T 4 x 2 T 2 T x T x ,
that is, T 3 x T 2 T x . Hence we have
T 3 x = T 2 T x .
(2.2)
By (2.2), we have
T 3 x = T 2 T x T T ( T x ) ,
(2.3)
that is, T 2 x T ( T x ) . Hence
T 2 x = T ( T x ) .
(2.4)
Hence by (2.1) and (2.4), we have
T 2 T x T x = T ( T x ) 2 .
So, we have that T ( T x ) = T T x . That is, U is an invariant subspace of T. Now suppose T is a contraction of -class A operators. If T is a strict contraction, then it is trivially a proper contraction. If T is not a strict contraction (i.e., T = 1 ) and T has no nontrivial invariant subspace, then U = { x H : T x = x } = { 0 } (actually, if U = H , then T is an isometry, and isometries have nontrivial invariant subspaces). Thus, for every nonzero x H , T x < x , so T is a proper contraction.
  1. (ii)

    Let T be a contraction of -class A operators. By Theorem 2.1 we have D is a contraction, { D n } converges strongly to a projection P, and T P = 0 . So, P T = 0 . Suppose T has no nontrivial invariant subspace. Since kerP is a nonzero invariant subspace for T whenever P T = 0 and T 0 , it follows that ker P = H . Hence P = 0 and so D n converges strongly to 0, that is, D = | T 2 | | T | 2 is a strongly stable contraction. D is self-adjoint, so that D C 00 . □

     

Since a self-adjoint operator T is a proper contraction if and only if T is a C 00 -contraction, we have the following corollary by Theorem 2.2.

Corollary 2.3 Let T be a contraction of -class A operators. If T has no nontrivial invariant subspace, then both T and the nonnegative operator D = | T 2 | | T | 2 are proper contractions.

3 The Fuglede-Putnam theorem for -class A operators

The famous Fuglede-Putnam theorem is as follows [3, 7, 8].

Theorem 3.1 Let A and B be normal operators and X be an operator such that A X = X B , then A X = X B .

The Fuglede-Putnam theorem was first proved in the case A = B by Fuglede [7] and then a proof in the general case was given by Putnam [8]. Berberian [9] proved that the Fuglede theorem was actually equivalent to that of Putnam by a nice operator matrix derivation trick. Rosenblum [10] gave an elegant and simple proof of the Fuglede-Putnam theorem by using Liouville’s theorem. There were various generalizations of the Fuglede-Putnam theorem to nonnormal operators; we only cite [1114]. For example, Radjabalipour [13] showed that the Fuglede-Putnam theorem holds for hyponormal operators; Uchiyama and Tanahashi [14] showed that the Fuglede-Putnam theorem holds for p-hyponormal and log-hyponormal operators. If let X B ( H ) be Hilbert-Schmidt class, Mecheri and Uchiyama [15] showed that normality in the Fuglede-Putnam theorem can be replaced by A and B class A operators. In this paper, we show that if X is a Hilbert-Schmidt operator, A and ( B ) 1 are -class A operators such that A X = X B , then A X = X B .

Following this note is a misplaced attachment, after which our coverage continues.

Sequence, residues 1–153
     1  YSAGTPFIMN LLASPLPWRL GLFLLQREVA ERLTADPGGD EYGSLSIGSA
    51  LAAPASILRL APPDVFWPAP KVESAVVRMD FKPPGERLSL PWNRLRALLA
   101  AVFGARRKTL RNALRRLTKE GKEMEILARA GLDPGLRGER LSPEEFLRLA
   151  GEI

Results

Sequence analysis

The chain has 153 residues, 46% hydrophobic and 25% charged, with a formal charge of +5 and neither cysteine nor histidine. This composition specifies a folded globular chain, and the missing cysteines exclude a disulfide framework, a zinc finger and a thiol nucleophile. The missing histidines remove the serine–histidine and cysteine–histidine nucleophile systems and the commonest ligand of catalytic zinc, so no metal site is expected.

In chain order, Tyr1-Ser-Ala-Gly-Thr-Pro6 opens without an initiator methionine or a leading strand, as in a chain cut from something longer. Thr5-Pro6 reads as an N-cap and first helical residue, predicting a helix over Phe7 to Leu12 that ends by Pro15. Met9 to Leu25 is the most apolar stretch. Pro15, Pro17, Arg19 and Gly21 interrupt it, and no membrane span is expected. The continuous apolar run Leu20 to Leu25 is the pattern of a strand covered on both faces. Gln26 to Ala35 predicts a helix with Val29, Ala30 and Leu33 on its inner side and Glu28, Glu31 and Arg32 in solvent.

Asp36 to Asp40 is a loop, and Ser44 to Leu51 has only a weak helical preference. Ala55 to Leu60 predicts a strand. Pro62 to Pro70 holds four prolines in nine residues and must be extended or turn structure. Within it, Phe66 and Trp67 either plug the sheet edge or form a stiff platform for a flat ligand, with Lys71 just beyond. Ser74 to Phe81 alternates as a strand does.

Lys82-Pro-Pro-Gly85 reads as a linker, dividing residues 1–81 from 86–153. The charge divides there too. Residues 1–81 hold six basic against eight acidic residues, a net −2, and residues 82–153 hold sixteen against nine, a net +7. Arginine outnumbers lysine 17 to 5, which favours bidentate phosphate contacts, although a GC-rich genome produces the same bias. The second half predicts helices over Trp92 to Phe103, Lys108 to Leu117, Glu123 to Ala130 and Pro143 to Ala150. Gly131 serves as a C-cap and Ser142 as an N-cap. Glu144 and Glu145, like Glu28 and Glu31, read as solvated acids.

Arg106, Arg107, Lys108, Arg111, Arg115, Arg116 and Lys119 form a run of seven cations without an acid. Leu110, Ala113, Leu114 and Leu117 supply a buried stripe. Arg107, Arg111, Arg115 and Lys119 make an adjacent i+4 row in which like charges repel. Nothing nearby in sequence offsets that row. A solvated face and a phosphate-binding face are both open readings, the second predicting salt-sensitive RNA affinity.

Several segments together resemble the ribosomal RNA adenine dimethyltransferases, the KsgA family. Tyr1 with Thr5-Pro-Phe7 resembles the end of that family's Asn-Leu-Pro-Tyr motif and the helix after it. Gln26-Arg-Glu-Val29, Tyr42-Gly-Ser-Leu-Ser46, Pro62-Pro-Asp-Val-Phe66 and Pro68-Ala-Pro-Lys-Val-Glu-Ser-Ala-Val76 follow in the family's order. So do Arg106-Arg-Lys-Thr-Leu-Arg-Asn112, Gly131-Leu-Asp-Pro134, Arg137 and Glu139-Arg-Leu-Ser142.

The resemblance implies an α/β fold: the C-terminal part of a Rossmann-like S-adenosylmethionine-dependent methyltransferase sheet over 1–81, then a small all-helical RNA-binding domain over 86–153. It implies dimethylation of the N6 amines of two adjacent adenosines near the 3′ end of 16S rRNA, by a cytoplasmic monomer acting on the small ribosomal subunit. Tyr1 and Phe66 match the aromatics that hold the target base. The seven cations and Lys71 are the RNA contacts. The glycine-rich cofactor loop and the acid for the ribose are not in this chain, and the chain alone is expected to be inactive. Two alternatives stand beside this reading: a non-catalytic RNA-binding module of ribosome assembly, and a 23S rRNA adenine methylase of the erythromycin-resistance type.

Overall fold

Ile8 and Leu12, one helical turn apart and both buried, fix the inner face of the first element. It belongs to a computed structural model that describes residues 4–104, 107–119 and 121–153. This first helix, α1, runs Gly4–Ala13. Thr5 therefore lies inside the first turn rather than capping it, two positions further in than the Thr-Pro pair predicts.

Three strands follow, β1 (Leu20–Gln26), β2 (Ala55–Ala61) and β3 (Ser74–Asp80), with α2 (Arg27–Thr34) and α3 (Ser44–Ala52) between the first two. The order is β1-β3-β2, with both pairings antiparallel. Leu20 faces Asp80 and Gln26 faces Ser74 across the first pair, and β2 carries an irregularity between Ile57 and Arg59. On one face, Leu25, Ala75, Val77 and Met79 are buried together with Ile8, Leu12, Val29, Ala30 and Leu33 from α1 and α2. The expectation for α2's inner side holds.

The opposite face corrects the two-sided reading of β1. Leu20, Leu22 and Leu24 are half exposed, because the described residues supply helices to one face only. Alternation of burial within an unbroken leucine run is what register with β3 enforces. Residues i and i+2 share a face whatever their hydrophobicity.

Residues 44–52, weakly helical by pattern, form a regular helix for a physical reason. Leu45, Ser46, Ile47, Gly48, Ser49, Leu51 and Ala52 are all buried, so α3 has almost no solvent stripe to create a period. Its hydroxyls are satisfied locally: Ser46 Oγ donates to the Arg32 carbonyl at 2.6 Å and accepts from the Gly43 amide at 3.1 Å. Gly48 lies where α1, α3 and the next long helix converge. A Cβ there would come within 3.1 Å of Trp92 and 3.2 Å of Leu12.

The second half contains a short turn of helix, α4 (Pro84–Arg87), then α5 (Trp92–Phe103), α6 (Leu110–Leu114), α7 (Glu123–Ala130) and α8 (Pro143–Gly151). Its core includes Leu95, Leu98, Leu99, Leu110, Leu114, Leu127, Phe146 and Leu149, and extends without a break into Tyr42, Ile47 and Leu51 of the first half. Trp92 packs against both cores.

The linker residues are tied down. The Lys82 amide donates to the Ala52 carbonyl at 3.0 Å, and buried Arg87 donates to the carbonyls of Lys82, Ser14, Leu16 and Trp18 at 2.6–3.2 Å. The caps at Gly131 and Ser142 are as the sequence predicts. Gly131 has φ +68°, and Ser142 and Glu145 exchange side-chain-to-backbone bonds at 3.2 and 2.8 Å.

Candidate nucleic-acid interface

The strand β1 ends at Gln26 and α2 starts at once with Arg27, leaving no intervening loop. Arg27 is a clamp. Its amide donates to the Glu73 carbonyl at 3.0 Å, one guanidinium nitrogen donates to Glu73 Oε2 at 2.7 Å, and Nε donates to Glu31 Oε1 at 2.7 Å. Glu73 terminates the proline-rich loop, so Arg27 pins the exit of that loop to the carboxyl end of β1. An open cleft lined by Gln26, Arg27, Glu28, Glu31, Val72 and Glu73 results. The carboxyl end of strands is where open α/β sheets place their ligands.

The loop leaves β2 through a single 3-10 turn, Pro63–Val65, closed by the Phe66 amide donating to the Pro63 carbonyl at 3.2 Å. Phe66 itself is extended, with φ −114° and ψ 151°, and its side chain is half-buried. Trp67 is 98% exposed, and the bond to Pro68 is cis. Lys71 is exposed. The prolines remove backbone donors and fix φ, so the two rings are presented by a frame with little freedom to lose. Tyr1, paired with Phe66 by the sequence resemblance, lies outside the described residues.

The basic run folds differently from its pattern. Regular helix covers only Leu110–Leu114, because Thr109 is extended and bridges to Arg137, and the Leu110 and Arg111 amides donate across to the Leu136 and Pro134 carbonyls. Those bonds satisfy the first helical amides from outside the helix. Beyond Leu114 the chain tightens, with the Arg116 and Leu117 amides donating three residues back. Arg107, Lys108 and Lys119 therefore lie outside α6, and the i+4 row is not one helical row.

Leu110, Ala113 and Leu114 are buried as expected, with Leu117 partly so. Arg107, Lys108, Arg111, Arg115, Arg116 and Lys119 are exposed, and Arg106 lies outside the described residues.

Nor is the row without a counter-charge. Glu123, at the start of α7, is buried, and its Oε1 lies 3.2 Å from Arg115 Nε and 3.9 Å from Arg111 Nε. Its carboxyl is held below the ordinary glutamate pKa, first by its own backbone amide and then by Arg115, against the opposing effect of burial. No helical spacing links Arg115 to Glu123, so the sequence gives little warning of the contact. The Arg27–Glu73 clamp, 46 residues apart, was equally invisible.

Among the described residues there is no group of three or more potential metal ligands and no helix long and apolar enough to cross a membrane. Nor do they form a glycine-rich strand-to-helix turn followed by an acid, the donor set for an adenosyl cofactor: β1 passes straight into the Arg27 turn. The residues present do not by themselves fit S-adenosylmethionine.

Let C 2 ( H ) denote the Hilbert-Schmidt class. For each pair of operators A , B B ( H ) , there is an operator Γ A , B defined on C 2 ( H ) via the formula Γ A , B ( X ) = A X B in [11]. Obviously, Γ A , B A B . The adjoint of Γ A , B is given by the formula Γ A , B ( X ) = A X B ; see details [11].

Let A B denote the tensor product on the product space H H for non-zero A , B B ( H ) . In [5], Duggal et al. give a necessary and sufficient condition for A B to be a -class A operator.

Lemma 3.2 (see [5])

Let A , B B ( H ) be non-zero operators. Then A B belongs to -class A operators if and only if A and B belong to -class A operators.

Theorem 3.3 Let A and B B ( H ) . Then Γ A , B is a -class A operator on C 2 ( H ) if and only if A and B belong to -class A operators.

Proof The unitary operator U : C 2 ( H ) H H by a map ( x y ) x y induces the -isomorphism Ψ : B ( C 2 ( H ) ) B ( H H ) by a map X U X U . Then we can obtain Ψ ( Γ A , B ) = A B ; see details [16]. This completes the proof by Lemma 3.2. □

Lemma 3.4 (see [17])

Let T B ( H ) be a -class A operator. If λ 0 and ( T λ ) x = 0 for some x H , then ( T λ ) x = 0 .

Now we are ready to extend the Fuglede-Putnam theorem to -class A operators.

Theorem 3.5 Let A and ( B ) 1 be -class A operators. If A X = X B for X C 2 ( H ) , then A X = X B .

Proof Let Γ be defined on C 2 ( H ) by Γ Y = A Y B 1 . Since A and ( B 1 ) = ( B ) 1 are -class A operators, we have that Γ is a -class A operator on C 2 ( H ) by Theorem 3.3. Moreover, we have Γ X = A X B 1 = X because of A X = X B . Hence X is an eigenvector of Γ. By Lemma 3.4 we have Γ X = A X ( B 1 ) = X , that is, A X = X B . The proof is complete. □

Declarations

Acknowledgements

This work was supported by the National Natural Science Foundation of China (11071188); the Natural Science Foundation of the Department of Education, Henan Province (2011A110009), Project of Science and Technology Department of Henan province (122300410375) and Key Scientific and Technological Project of Henan Province (122102210132).

Authors’ Affiliations

(1)
College of Mathematics and Information Science, Henan Normal University

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© Gao and Li; licensee Springer. 2013